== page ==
The title of this article sounds odd – becoming a better cyclist without actually riding your bike! However, it’s often the biggest actions you take when you’re not actively participating in your sport that make the biggest difference. Here are three factors to consider that will help your riding performance, no extra hours on the bike required.
A planned program:
You have heard the old adage, “fail to plan and you plan to fail”? It applies particularly well to sport. Although it is fun to head out for a ride without a particular plan or goal in mind, it may not necessarily improve your cycling fitness or athletic performance. It’s not only fun to map out various goals to train for, it helps improve your performance by applying the athletic principles of specificity, recovery, progressive overload and consistency. When there is an event to train for, a well constructed plan gives training meaning. How much you plan depends on what you wish to train for. For example, if you are training for a season of racing, culminating with a State or National championship at the end, the creation of a yearly plan consisting of various phases, which we exercise scientists call macrocycles, is optimal. A yearly plan is made achievable by breaking it down into smaller chunks, known as microcycles. Not only does a carefully constructed plan improve fitness and performance with appropriate exercise prescription and programming, commitment to following a plan improves exercise adherence and fitness levels increase. Thirdly, focusing on achieving the process rather than the end result frees you up mentally to think about other things – in other words, if you’re following the program, you need not fill yourself with concern about whether you’re doing things “right”.
Adequate Sleep and Recovery:
Exercise scientists describe recovery as “where the training magic happens”. It is after the training is done and we are recovering and/or sleeping where adaptations to training occur. Studies demonstrate time and time again the negative impacts of too much or too little sleep. Tom Rath, in his book, “Eat Sleep, Move” describes sleep and activity being complementary: “Eating right makes it easier to be active. Being active makes it easier to sleep. Sleeping well helps you to avoid non nutritive foods, and so on.” Most of us need a solid seven to nine hours sleep, so if you are getting up to train early, plan accordingly! A planned program is also complementary to the notion of recovery – a good program will build adequate recovery into it, which can be monitored via various fitness software or apps such as Training Peaks or Strava Premium. If you are training hard, consider the need for an increased sleep requirement. This can be difficult, particularly if you have other commitments such as work, family or study. Ensure you achieve the best quality sleep by undertaking simple steps such as making sure you darken your sleeping environment as much as possible, maintain a cool temperature (17-18 degrees is optimal) and avoid caffeinated beverages after midday. To ensure you recover well from your training sessions, consider choosing nutrition that replenishes muscle glycogen stores – hint – this is usually a carbohydrate rich snack with a little protein, and kicks off the repair and rebuilding process of muscle and red blood cells. An adequate recovery also has a protective effect upon the immune system.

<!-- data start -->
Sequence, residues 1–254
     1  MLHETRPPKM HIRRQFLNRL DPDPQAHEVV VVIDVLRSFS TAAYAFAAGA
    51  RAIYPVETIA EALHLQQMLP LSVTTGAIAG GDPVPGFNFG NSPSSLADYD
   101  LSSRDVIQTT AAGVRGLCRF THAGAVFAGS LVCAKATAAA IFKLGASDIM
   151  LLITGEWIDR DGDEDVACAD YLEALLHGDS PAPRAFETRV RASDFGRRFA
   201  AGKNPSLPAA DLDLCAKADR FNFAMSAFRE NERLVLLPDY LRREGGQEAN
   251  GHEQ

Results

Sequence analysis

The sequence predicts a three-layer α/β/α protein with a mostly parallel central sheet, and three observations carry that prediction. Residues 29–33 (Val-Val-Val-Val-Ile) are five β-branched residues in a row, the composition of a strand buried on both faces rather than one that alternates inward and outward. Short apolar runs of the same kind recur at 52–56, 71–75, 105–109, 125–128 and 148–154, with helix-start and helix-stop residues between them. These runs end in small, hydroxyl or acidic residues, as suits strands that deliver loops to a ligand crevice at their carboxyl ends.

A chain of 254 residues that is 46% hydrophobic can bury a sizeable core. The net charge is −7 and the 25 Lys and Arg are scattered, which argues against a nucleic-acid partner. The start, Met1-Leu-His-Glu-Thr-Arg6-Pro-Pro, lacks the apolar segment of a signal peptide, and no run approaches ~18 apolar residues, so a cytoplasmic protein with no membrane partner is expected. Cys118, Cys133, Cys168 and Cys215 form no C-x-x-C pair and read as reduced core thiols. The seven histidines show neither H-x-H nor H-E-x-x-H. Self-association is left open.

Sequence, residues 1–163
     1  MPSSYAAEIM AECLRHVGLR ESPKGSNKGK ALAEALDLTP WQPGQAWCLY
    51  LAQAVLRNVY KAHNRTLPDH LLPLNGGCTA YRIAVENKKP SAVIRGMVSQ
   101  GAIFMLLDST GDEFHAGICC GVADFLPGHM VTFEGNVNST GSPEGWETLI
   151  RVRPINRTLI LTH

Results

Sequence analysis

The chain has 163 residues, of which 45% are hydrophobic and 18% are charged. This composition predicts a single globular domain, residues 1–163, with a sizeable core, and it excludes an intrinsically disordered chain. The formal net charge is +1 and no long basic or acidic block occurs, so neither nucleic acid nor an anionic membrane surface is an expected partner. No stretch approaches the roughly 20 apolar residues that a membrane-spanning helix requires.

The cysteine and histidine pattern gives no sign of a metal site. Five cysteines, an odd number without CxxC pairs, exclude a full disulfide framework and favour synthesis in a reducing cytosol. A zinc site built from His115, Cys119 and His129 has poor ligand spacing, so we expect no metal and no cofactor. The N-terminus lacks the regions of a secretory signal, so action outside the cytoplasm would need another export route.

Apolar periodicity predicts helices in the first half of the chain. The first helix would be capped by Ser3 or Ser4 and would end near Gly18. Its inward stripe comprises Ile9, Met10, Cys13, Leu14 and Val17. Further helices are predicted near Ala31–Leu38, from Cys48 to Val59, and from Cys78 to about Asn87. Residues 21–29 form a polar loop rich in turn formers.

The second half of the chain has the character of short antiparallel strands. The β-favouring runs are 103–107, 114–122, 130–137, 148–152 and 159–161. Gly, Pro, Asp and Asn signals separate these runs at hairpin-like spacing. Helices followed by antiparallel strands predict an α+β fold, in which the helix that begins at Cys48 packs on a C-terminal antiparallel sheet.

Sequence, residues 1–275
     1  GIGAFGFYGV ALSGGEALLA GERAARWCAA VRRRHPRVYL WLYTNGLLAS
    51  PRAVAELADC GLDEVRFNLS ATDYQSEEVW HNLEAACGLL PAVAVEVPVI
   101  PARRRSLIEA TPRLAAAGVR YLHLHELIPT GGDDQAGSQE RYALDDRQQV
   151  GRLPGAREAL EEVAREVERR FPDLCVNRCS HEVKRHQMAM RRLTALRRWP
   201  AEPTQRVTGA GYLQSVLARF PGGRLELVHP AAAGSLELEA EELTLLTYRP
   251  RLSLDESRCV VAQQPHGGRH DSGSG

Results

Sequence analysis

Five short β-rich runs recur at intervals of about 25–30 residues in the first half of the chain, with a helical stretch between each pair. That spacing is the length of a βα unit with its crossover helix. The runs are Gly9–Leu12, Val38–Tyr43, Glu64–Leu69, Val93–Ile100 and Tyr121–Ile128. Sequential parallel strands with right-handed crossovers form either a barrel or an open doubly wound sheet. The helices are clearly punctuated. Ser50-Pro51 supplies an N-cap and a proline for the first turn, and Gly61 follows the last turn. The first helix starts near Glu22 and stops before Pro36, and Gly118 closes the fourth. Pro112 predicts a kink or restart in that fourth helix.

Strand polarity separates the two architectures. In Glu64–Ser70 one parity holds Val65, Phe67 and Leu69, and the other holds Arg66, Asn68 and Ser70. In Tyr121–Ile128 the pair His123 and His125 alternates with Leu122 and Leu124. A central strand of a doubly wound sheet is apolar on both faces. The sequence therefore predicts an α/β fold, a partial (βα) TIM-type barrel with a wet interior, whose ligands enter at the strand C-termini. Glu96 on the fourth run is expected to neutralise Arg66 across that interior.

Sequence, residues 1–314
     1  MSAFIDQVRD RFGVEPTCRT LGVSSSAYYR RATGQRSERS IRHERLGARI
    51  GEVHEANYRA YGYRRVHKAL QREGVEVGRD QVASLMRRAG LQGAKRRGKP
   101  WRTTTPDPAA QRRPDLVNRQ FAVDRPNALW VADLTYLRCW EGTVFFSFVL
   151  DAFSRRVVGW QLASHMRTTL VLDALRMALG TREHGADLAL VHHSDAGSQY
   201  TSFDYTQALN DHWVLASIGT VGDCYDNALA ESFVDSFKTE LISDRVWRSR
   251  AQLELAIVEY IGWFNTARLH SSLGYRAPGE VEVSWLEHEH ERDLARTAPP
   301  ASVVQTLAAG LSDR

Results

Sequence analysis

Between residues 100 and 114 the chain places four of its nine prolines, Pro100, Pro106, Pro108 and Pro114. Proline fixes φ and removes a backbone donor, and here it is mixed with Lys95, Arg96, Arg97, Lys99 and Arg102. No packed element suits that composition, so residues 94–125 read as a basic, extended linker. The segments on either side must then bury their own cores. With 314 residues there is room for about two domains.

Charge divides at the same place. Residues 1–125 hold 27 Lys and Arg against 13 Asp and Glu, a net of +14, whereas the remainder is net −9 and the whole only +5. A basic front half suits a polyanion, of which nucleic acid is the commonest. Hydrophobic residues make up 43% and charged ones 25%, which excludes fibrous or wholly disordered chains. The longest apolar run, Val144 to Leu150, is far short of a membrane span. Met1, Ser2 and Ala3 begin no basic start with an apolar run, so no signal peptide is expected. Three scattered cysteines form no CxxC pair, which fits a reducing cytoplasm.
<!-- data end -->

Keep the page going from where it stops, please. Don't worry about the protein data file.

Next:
A strong core:
Developing core strength improves stability, reduces the likelihood of injury and can help to improve cycling efficiency. Even though it appears we mostly use our legs for cycling, generating leg power from a stable platform (i.e. the core) ensures an efficient transfer of power through the lower limbs. If stability is compromised and there is excessive sideways movement of the trunk when riding, efficiency is reduced. In distance riding, the core muscles of the transversus abdominus, latissimus dorsi, spinal extensors, quadratus lumborum work hard to maintain an upright posture on the bike. Losing good technique on the bike, also means a loss of efficiency when you ride. Hence strengthening these muscles and training them for strength and strength endurance can benefit your riding. Stability through the trunk and the hips provides a stable platform for an explosive sprint, so if your event is sprint related, ignore core training at your peril. Best core training practise involves learning how to use the deep core muscles, using training techniques such as pilates. Global strength is achieved by carefully targeted hybrids of pilates and strength training movements. For example, a single leg bridge where the deep core muscles are engaged and neutral spine is effected first, will achieve a more functional hamstring activation as the strength work is achieved in conjunction with a stable core.
In conclusion, using these three performance hacks will improve your riding within a few training sessions. To find a good coach, consider using someone with both tertiary qualifications in exercise physiology/science and a Cycling accreditation and consider using a pilates trained physiotherapist for a postural assessment and core program – this is often covered by private health insurance, so check with your provider first.